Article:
At the time I took these things for granted, and was not until my introduction to permaculture that I truly have an idea of the scope and scale of this community, which was ranked in 2012 as the 7th best place to live by CNN Money magazine. I have serious doubts that I would have the same mindset today that I began to develop out of this early experience, not only because of the beautiful place we lived—the woods and stream I had to play in, but also because it was not an insulated experience—at school, we interacted daily with kids from ‘town’ as well as our own community, and this was during a period rife with societal changes. Thus, there were many areas and levels of ‘edge’ to play with, at home and at school.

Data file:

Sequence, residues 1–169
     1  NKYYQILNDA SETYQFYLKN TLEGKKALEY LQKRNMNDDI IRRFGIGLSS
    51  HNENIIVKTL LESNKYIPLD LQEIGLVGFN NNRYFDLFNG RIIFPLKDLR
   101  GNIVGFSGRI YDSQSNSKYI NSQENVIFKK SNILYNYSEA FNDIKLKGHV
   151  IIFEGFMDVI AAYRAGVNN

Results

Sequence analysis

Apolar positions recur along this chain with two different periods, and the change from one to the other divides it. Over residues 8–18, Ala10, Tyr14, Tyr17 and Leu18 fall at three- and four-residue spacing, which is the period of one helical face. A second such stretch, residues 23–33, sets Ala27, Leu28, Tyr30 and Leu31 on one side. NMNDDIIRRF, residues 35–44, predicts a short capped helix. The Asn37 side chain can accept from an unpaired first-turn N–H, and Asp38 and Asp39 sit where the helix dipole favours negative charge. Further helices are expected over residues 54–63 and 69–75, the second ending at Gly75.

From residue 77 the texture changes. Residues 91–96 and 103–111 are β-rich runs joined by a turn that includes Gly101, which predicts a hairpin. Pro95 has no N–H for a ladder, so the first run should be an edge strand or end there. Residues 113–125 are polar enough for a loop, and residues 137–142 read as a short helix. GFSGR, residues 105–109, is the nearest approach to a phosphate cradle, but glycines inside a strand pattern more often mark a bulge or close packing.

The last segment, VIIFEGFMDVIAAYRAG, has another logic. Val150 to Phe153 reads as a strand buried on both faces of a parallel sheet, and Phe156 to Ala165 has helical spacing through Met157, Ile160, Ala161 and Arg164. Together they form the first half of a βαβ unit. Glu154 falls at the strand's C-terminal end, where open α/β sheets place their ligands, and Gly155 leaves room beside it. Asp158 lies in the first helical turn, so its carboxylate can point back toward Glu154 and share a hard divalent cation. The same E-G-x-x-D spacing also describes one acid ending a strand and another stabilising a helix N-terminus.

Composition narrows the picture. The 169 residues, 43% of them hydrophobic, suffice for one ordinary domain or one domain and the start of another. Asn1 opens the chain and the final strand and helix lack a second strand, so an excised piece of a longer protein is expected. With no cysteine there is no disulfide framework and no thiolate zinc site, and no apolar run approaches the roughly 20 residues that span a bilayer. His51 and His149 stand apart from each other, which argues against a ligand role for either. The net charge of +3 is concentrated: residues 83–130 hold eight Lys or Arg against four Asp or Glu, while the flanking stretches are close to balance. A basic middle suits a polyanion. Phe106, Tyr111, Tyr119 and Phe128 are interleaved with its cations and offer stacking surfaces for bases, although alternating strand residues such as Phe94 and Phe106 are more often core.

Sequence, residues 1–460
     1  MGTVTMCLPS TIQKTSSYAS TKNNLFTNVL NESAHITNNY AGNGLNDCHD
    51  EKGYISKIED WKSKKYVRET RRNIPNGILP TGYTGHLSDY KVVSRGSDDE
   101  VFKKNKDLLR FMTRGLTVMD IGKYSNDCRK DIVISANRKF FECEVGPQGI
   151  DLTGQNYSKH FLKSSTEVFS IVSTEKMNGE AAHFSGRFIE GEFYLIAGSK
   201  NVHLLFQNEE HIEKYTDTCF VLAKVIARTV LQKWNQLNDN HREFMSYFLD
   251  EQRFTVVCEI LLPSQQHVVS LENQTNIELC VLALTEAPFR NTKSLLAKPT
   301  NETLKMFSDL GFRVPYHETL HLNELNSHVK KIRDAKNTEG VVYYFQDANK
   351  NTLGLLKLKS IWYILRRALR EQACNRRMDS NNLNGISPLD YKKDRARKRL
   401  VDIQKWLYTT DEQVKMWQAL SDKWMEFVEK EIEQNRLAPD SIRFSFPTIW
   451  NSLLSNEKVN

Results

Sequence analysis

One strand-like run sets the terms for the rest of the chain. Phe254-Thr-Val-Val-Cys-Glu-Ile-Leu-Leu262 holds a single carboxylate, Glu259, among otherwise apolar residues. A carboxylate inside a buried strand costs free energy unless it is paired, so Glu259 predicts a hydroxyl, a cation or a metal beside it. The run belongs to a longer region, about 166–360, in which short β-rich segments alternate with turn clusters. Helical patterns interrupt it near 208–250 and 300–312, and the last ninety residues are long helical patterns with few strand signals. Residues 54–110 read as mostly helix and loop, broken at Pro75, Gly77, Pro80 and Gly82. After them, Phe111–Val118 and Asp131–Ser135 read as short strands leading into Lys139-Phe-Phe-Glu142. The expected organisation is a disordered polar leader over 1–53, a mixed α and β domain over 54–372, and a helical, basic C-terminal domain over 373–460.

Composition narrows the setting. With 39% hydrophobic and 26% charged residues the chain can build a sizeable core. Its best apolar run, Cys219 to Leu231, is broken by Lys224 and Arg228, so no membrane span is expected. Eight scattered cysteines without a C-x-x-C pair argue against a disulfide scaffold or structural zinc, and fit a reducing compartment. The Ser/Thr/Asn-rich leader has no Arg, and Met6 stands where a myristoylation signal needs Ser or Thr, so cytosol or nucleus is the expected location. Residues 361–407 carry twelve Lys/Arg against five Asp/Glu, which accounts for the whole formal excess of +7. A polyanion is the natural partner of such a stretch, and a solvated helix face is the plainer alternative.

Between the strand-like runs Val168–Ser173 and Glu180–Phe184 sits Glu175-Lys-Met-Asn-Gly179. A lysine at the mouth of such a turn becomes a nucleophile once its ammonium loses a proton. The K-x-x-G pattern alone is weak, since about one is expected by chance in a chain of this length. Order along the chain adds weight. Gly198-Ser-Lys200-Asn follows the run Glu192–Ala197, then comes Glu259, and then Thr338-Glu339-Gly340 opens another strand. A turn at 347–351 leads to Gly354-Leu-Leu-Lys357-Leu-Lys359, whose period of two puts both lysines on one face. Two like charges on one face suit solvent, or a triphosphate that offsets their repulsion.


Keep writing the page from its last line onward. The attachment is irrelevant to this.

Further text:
As our society has become more and more bent on consumerism, and mass-market of even our most precious commodity: food–I feel that we have stepped away from the woods—our cultural zone five has often moved so far away for many that they are fortunate to visit once or twice a year. Is it any wonder the anxiety and depression are so commonplace? My wish for the world is that every child have the opportunity to experience a community like the nearly-Utopian Reston—that we restore our balance on a countrywide and eventually on a global level with one simple step: a step back to nature—where the meadow meets the woods. ©2013 Loretta J. Buckner THANK YOU to Kris Haering Butler for the lovely deer photo! WeGrowFromHere.com To learn more about permaculture–join one of our upcoming classes with the New School!